β-caryophyllene is a sesquiterpene found in many plants such as Thai basil, cloves, cinnamon leaves and black pepper, it’s also present in small quantities in lavender. The aroma is described as peppery, woody and/or spicy. Caryophyllene is the only terpene known to interact with the endocannabinoid system (CB2). Studies show that β- caryophyllene may play a very valuable role in cancer treatments. Research shows that β-caryophyllene selectively binds to the CB2 receptor and is a functional CB2 agonist. Furthermore, β-caryophylene was identified as functionally non-psychoactive CB2 receptor ligand in food products and as macrocyclic anti-inflammatory cannabinoid in cannabis.
The Fine/Rosenfeld pain study in 2013 showed that other phytocannabinoids in combination, in particular cannabidiol (CBD) and β-caryophylene administered by oral route, appear to be promising candidates for the treatment of chronic pain due to their high safety and low side effects.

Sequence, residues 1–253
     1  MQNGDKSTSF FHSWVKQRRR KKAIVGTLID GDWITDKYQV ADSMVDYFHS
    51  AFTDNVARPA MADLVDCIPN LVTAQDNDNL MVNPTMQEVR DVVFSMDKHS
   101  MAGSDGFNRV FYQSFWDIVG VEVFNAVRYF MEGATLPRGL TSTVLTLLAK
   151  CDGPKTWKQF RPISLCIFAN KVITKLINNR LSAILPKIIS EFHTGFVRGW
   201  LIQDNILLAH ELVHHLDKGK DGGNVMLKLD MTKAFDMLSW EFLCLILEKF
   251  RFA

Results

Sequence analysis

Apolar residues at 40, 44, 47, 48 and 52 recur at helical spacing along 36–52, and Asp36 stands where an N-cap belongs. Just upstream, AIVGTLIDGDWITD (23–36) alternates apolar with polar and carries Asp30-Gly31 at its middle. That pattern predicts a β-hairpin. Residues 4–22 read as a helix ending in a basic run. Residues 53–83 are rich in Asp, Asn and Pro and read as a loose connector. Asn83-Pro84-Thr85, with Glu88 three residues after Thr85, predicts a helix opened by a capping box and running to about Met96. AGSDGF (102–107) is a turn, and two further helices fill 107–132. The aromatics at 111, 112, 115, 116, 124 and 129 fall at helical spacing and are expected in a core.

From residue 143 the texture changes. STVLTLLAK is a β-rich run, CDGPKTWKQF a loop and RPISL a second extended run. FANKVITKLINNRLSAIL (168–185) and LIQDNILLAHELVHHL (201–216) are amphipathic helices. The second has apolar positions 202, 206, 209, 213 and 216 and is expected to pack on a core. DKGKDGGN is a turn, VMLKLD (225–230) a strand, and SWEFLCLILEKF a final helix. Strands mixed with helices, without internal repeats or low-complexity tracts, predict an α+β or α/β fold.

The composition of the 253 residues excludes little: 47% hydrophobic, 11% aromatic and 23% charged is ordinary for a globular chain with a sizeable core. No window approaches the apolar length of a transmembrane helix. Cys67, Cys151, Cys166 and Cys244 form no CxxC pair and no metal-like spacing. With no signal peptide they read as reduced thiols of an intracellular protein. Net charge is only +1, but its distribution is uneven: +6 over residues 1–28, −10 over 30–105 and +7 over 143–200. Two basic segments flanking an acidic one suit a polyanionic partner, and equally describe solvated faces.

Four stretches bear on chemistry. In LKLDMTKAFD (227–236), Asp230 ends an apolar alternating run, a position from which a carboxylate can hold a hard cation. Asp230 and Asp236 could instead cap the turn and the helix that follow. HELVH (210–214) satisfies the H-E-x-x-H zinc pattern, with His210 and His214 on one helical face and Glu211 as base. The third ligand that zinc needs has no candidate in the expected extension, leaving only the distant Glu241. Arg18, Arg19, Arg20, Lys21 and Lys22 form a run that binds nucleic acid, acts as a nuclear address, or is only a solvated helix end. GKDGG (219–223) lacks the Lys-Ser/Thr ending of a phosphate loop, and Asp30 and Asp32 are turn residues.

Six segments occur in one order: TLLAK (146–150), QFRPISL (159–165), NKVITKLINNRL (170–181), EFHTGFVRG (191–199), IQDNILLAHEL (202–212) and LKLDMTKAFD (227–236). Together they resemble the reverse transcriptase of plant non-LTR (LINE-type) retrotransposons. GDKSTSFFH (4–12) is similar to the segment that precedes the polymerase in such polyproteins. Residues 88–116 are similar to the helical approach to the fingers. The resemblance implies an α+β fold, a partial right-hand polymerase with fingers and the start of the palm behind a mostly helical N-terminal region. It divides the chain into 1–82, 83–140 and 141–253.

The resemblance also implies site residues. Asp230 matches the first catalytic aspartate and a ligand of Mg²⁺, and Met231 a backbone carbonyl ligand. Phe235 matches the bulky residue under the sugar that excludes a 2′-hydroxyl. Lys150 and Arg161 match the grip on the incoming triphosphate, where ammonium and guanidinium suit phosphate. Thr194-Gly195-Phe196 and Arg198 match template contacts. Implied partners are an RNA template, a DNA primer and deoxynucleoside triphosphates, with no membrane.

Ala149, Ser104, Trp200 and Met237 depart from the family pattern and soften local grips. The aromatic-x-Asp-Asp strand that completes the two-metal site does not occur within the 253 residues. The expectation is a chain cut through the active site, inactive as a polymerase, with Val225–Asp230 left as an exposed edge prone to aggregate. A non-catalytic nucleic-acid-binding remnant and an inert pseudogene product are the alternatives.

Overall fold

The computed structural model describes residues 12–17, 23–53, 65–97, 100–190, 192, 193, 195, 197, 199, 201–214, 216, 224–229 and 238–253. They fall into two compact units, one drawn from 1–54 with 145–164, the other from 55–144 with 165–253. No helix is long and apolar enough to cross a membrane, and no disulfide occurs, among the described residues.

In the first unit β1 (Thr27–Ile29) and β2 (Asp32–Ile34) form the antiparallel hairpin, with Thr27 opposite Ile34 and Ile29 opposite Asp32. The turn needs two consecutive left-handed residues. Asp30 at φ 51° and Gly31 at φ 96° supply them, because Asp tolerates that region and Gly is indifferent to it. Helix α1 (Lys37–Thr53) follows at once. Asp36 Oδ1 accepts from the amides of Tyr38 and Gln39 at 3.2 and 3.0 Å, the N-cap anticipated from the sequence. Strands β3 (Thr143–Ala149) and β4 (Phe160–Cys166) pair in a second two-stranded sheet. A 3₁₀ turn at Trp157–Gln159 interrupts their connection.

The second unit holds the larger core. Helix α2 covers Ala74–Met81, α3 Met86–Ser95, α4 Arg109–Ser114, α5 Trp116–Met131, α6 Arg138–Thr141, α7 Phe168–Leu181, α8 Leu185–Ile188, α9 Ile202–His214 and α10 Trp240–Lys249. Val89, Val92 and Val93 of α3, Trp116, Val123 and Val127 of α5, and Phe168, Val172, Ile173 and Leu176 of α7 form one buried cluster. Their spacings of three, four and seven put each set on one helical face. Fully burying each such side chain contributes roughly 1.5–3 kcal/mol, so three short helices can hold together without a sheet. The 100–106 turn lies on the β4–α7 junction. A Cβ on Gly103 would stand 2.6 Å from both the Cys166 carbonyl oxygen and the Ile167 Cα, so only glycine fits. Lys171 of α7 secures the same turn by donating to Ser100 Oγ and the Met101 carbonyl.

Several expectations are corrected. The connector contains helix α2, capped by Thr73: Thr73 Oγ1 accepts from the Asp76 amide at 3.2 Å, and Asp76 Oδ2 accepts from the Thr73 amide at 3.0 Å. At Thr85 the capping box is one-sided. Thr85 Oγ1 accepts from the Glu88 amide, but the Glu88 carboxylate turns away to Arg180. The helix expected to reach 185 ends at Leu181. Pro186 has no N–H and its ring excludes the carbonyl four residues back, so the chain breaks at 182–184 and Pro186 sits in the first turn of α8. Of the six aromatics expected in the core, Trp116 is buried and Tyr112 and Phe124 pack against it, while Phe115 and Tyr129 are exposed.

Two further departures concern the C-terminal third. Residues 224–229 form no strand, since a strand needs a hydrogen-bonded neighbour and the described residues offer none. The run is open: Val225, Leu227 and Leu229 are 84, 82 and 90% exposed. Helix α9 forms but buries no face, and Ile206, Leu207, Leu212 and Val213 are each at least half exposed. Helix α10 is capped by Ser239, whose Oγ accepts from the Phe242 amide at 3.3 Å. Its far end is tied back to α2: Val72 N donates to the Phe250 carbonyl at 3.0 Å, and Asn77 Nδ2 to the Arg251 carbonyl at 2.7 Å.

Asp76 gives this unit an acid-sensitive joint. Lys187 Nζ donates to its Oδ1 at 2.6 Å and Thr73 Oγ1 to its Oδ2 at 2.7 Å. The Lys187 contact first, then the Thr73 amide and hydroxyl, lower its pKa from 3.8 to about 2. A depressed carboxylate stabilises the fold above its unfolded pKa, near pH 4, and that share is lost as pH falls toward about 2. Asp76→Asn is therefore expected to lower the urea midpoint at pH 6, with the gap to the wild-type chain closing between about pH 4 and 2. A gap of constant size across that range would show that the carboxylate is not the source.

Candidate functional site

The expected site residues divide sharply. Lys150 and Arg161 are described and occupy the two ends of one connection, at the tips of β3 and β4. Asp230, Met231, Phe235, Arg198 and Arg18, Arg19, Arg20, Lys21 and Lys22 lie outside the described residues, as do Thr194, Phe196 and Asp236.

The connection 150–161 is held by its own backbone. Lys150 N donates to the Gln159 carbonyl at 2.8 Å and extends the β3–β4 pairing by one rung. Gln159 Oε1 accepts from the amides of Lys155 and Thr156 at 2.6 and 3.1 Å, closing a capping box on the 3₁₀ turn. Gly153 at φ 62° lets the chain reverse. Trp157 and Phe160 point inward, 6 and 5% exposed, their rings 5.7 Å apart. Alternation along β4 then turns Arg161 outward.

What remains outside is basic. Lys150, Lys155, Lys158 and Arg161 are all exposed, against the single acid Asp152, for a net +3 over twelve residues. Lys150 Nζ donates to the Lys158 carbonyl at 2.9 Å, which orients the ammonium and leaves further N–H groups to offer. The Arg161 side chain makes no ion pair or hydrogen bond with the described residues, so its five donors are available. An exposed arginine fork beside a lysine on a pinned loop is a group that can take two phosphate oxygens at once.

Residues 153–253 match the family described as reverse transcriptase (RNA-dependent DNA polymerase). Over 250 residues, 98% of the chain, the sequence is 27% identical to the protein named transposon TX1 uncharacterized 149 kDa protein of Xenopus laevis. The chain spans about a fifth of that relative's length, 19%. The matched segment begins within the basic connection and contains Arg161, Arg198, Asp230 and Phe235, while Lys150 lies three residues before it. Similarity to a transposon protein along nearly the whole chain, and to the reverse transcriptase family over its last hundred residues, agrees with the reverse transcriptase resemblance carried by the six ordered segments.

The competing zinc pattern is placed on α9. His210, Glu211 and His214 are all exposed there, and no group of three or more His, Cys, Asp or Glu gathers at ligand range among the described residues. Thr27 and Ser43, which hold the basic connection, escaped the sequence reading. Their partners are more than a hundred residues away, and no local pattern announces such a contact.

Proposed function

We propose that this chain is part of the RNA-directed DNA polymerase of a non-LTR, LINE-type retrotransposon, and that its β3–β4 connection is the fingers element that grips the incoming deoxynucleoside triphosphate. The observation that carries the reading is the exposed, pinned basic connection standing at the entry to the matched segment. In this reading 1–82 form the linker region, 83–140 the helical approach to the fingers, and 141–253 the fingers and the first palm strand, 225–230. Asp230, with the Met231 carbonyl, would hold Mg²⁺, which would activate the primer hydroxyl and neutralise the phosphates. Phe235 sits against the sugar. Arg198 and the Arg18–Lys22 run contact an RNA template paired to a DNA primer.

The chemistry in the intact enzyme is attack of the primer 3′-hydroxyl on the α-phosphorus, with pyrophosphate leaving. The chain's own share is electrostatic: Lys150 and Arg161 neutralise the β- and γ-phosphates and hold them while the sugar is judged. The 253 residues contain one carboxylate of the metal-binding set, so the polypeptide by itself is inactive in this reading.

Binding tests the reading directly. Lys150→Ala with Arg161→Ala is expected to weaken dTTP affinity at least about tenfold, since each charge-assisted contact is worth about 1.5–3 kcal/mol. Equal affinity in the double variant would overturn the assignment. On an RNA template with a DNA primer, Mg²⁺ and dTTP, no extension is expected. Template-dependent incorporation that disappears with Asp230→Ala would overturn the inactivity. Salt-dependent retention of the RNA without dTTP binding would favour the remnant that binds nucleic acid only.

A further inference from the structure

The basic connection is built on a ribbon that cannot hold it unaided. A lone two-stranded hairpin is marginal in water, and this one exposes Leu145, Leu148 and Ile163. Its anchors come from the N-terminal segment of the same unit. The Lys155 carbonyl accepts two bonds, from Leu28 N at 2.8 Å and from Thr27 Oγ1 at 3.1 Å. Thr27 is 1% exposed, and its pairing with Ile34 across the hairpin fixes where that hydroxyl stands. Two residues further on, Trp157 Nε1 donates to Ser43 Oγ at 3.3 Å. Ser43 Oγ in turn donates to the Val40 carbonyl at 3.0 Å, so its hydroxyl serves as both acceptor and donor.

The Horváth et al study in 2012 suggests that β-caryophylene, via a CB2 receptor-dependent route, can be an excellent therapeutic tool to prevent nephrotoxicity (toxicity to the kidneys) caused by chemotherapy drugs used in treating cancer, such as Cisplatin.
The study by Kristiniak et al., also published in 2012, investigated the chemical composition of essential oil isolated from black pepper, of which caryophyllene is an important component and studied the pharmacological properties. Black pepper oil was found to possess antioxidant, anti-inflammatory and antinociceptive properties.This suggests that caryophyllene-rich strains can be useful in the treatment of a number of medical problems, such as arthritis and neuropathic pain.
β-caryophyllene is mainly used for chewing gum in combination with other spicy mixtures or citrus fruits.